This profile is one in a series of five, spotlighting the finalists of Integrity Icon Philadelphia, the first U.S. iteration of a global initiative to honor public servants who go above and beyond their job descriptions to uplift their communities in meaningful ways. Please read the other profiles here, then vote for your favorite Icon here.
Growing up in Tennessee, Shaquita A. Smith relished listening to her grandfather tell her stories about his life. “I loved listening to him talk about World War II, and going to the dance hall with my grandmother,” she says. “Those stories just really brought the past to life for me.”
That ability to travel through time, if only through her imagination, ultimately propelled Smith to become a history teacher—first in Kentucky, then in Howard County, just outside of Baltimore.
But after a decade of being in the classroom, Smith longed to reach more than the 300 or so students she and her co-teacher taught each year. She’d always loved writing curriculum—so when, after her older son had graduated from high school and her younger son was finishing his senior year, a friend told her about an opening within the School District of Philadelphia, she went after it, got it and promptly moved to Philly.
She started out as an academic coach in 2014 before segueing into her role as one of two District Social Studies Curriculum Specialists; since this past August, she has been the sole specialist, overseeing K-12 social studies curriculum for the more than 200,000 students in our public schools.
If you’re not affiliated with a public school in Philly or in most other parts of the country—a student, a parent, an employee—you may not know that Social Studies invariably gets the short end of the budgeting stick, here and elsewhere; unlike Math, ELA (English Language Arts), and Biology, it’s not part of mandatory state testing, so it’s become a lower priority. That’s among the reasons why, for years now, the School District hasn’t even had Social Studies textbooks.
But, says Smith, in a city like Philadelphia, that’s a real opportunity. And that’s not her just shooting some pollyanna-ish spin.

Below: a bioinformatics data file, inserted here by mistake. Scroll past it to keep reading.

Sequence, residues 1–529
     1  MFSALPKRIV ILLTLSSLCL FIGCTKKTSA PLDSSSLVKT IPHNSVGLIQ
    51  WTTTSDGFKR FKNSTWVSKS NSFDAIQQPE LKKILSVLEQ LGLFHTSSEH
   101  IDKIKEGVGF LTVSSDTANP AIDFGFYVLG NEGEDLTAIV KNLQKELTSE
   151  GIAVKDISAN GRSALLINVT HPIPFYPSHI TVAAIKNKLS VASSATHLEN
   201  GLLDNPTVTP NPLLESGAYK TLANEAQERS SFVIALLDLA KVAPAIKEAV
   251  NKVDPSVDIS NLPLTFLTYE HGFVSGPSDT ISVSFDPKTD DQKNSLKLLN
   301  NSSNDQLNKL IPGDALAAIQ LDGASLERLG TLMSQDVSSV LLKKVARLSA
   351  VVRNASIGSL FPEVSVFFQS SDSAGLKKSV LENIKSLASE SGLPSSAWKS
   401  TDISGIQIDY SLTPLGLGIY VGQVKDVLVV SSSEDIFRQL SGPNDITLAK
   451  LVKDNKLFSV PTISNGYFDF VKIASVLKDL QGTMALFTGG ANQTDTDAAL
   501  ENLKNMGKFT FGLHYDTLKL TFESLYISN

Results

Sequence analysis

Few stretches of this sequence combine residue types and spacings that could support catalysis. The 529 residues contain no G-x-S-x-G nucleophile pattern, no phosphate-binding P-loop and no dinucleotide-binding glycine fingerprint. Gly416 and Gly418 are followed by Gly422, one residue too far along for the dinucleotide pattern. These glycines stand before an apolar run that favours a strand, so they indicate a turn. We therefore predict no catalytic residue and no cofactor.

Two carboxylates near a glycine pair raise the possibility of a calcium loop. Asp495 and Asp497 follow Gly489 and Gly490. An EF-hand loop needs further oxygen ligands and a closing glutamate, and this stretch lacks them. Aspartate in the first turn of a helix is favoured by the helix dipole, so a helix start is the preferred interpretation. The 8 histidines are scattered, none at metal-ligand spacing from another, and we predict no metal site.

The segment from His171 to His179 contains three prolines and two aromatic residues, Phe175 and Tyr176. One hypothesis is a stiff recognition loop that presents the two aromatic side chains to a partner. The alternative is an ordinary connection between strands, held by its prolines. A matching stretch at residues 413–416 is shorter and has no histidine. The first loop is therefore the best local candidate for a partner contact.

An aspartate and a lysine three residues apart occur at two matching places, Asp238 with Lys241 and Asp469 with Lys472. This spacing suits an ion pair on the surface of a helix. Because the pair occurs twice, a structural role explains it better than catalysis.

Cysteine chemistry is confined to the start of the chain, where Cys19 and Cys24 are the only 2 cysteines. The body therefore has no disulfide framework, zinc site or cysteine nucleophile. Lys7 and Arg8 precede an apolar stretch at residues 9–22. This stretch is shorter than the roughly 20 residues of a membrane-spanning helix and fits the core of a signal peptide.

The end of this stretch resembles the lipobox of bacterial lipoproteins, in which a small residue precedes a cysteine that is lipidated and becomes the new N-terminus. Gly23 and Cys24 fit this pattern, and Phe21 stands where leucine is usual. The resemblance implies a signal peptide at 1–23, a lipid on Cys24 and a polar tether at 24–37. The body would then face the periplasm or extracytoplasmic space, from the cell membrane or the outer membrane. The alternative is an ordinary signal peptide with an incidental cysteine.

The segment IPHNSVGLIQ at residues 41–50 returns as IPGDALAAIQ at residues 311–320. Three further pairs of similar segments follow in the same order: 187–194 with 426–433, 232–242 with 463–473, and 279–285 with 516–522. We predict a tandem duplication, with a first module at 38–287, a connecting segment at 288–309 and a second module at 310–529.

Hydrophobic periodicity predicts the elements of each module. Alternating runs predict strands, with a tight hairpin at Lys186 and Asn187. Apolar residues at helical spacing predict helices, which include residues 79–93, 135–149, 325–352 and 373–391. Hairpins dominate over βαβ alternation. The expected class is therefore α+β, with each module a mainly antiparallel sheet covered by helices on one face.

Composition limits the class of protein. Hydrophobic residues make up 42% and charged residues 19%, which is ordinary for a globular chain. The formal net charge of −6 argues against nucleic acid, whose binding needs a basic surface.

“I have a love/hate relationship with textbooks anyway, because by the time they get into the classroom, they’re kind of out-of-date. And, with the exception of a few women [authors], they’re also generally written by older white men in the middle of America,” who naturally impart their biases into the text. “They make choices about what to create, what to include, what to exclude,” Smith says.
And for Smith’s adopted city, that simply won’t do.
When she thinks about her vision for social studies education in our city, it comes down to empowerment. “I want students to be empowered to start eradicating poverty and inequities—not just inequalities, but inequities that exist in the education system and the workforce and across the nation,” she says.
At a time when civics education is on the decline—one factor often credited with low voter turnout—Smith believes strongly in not only registering students to vote, but educating them about their vote.
“History is hard. It’s a challenging topic. And it’s easy to just say you don’t want to have a conversation about certain things because it may make people uncomfortable, but it’s necessary to have those conversations so that we don’t repeat the mistakes of our past.”
Prior to the pandemic, she’d been overseeing the planning of a day-long event, akin to a professional development day for teachers, to have taken place at the Convention Center, where students would have had the opportunity to learn about aspects of the election through workshops of their choosing, like “why their vote matters, especially among minority groups like women, Black women, Asian women, and people of color in general.”
The entire event was funded by donations, including the donation of the Convention Center’s space.
Smith relies heavily on the many cultural institutions in Philly, along with their rich pool of primary and secondary sources, to make history not only come alive, but become relevant.